Unsurprisingly, according to the statistics released by the American Society of Plastic Surgeons in 2018, nose reshaping is the third most commonly performed cosmetic surgery.9 In addition to technical and anatomical difficulties, the need for a superior aesthetic outcome complicates the surgery.10 Abundant nasal blood supply via three arterial anastomotic arcades allows for several local flaps.1 Therefore, though grafts are also available, local flaps are the preferred option for columellar reconstruction. However, the majority of them require cartilage placement for adequate support. Having said that, auricular cartilage is sparse, and the use of costal cartilage requires advanced surgical skills.
Additionally, the use of these flaps is usually complicated by the bulkiness of the flap, color mismatch, hypertrophic scar, nostril stenosis, fistula formation, cancer metastasis, decreased function, transient narrowing of the nasal base, and decreased tip projection, which we did not observe while using the novel approach.3
With our technique, the proximity of the donor site to the columella, one-staged surgery, removal of the conspicuous scar, no need for strut placement, and advanced microsurgical training made it the surgical approach of choice. However, this method has limitations, and we only use it in cases of an established scar on the philtrum. The reason for this is that the philtrum scar provides adequate support for the reconstructed columella. Therefore, only patients with mature scars with adequate texture on palpation were selected for this operation. Additionally, the Kalender flap can only be used if the philtrum scar spares the muscle and mucosa, as full-thickness scars are more frequently associated with damage to the nourishing artery. Thus, patient selection should be performed diligently. Otherwise, postoperative complications, such as flap loss and scar atrophy can develop. Therefore, in equivocal cases, intraoperative Doppler ultrasound can be used to verify the presence of reliable arterial flow.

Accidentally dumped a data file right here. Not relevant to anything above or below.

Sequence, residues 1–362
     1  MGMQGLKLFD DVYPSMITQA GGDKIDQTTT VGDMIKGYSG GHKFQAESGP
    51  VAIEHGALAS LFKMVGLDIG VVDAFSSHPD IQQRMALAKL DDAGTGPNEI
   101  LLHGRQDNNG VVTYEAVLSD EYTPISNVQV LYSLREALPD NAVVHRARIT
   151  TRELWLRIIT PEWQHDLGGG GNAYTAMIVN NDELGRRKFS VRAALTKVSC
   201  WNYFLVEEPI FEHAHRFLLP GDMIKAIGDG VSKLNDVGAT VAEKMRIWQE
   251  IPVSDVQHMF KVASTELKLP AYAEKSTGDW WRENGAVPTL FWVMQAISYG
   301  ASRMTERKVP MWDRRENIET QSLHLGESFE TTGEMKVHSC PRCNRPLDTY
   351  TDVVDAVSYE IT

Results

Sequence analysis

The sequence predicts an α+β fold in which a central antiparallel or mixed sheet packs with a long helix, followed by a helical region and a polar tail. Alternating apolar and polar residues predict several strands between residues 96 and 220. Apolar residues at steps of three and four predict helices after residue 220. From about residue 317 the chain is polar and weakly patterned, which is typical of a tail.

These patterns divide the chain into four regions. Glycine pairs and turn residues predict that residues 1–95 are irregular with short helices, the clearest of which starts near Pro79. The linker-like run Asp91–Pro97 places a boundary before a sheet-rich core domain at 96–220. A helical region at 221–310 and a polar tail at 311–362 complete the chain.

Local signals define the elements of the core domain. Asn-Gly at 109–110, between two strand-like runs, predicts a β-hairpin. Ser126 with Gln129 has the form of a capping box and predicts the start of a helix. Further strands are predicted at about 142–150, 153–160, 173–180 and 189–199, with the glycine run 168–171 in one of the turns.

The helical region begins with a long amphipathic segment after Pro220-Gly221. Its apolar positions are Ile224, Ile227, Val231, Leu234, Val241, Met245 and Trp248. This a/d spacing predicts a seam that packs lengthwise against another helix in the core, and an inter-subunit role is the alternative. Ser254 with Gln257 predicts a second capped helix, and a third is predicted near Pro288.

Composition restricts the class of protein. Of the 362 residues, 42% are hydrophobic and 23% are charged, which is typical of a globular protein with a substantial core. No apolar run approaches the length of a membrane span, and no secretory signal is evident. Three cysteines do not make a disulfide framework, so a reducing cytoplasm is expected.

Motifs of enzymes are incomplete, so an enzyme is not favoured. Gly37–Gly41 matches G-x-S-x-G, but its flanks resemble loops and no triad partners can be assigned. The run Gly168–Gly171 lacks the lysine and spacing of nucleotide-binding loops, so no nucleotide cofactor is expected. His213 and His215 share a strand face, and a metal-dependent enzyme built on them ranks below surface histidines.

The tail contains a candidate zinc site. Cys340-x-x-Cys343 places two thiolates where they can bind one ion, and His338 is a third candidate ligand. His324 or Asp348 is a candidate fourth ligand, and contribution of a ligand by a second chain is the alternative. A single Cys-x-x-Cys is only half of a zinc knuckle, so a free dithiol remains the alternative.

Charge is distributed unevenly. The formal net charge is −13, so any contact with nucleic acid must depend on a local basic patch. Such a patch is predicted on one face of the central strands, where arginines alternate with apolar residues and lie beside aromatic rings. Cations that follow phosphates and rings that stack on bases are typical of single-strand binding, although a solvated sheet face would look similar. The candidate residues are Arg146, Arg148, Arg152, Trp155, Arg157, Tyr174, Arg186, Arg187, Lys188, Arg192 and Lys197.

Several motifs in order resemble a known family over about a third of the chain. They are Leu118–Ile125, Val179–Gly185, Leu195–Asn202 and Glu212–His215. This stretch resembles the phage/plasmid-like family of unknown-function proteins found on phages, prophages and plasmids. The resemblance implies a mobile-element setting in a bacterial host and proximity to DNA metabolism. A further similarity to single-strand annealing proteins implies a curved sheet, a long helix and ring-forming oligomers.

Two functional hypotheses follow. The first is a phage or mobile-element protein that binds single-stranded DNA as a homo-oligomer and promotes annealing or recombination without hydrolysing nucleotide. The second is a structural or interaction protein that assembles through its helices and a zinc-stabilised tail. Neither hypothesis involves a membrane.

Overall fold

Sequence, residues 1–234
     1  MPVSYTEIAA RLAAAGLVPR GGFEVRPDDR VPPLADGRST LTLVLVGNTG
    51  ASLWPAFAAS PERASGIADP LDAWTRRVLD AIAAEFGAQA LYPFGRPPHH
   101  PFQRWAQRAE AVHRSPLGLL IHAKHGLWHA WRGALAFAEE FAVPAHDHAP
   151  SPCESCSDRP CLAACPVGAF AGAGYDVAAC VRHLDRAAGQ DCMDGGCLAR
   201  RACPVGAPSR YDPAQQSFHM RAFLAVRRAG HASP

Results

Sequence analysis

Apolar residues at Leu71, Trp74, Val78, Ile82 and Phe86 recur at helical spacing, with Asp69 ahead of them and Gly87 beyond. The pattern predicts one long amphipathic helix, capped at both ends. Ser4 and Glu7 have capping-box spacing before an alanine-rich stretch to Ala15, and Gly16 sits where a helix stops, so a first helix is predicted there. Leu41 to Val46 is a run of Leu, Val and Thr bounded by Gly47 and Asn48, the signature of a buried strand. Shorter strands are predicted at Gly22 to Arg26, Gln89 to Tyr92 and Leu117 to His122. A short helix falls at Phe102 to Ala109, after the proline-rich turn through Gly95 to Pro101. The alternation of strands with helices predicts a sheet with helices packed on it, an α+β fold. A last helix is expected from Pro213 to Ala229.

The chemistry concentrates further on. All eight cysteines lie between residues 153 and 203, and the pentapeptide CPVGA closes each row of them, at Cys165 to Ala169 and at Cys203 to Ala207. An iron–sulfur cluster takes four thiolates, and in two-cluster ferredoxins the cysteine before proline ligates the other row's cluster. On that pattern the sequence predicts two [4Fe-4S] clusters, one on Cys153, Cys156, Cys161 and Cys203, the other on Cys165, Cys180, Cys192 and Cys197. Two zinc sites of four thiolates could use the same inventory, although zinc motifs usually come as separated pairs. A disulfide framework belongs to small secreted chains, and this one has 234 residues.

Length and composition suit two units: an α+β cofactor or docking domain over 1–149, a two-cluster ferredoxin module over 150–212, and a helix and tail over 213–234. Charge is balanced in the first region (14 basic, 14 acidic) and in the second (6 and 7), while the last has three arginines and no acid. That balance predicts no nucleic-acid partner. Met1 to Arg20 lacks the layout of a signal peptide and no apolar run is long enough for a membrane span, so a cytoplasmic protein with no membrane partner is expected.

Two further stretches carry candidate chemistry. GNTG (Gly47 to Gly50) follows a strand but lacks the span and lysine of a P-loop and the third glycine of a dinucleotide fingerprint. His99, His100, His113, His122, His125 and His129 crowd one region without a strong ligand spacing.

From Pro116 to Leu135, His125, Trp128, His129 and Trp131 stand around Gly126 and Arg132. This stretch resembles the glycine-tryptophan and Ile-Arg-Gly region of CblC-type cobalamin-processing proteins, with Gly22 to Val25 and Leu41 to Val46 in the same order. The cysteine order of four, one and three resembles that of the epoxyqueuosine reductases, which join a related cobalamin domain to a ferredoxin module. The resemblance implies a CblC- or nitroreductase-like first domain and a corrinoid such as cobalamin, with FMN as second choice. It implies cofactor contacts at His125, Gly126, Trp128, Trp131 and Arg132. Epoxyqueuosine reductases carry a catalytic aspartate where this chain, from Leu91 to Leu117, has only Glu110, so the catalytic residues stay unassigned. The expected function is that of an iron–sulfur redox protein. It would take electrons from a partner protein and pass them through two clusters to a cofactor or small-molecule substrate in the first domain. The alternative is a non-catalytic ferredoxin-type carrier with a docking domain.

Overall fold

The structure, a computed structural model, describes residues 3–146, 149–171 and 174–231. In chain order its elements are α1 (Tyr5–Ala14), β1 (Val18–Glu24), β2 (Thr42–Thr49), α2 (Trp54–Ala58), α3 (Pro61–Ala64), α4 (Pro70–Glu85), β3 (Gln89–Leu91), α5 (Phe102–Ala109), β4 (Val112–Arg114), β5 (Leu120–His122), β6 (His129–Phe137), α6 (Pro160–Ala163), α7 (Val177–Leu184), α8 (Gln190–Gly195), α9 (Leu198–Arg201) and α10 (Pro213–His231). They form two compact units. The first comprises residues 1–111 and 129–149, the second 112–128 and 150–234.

In patients with undamaged philtrum, the postoperative midline scar can be unpleasant. Additionally, the use of the cartilage graft is mandatory. Hence, alternative techniques are usually preferable in this scenario.
Antibiotics are administered postoperatively due to the closeness of the surgical site to the mouth, which makes patients prone to developing infections. Talking and facial movements should be minimized for 2–3 days. Straws should be avoided for a week.
The philtrum flap is an acceptable reconstructive option for patients with a preexisting philtrum scar. Moreover, it is a one-staged and technically simple surgery. Use of the excised philtrum scar tissue to reconstruct the columella makes one-stage surgery possible and efficient. Furthermore, hair follicles were damaged due to previous burns or iatrogenic injury, and no hair growth was observed on the reconstructed columella. As no additional donor area was needed, patient morbidity was reduced. Therefore, we could discharge patients on postoperative day 1 and achieve satisfactory aesthetic results without complications.
The authors have no financial interest to declare in relation to the content of this article.
The patient provided written consent for the use of his image.
The study was performed according to the guidelines of the Helsinki Declaration.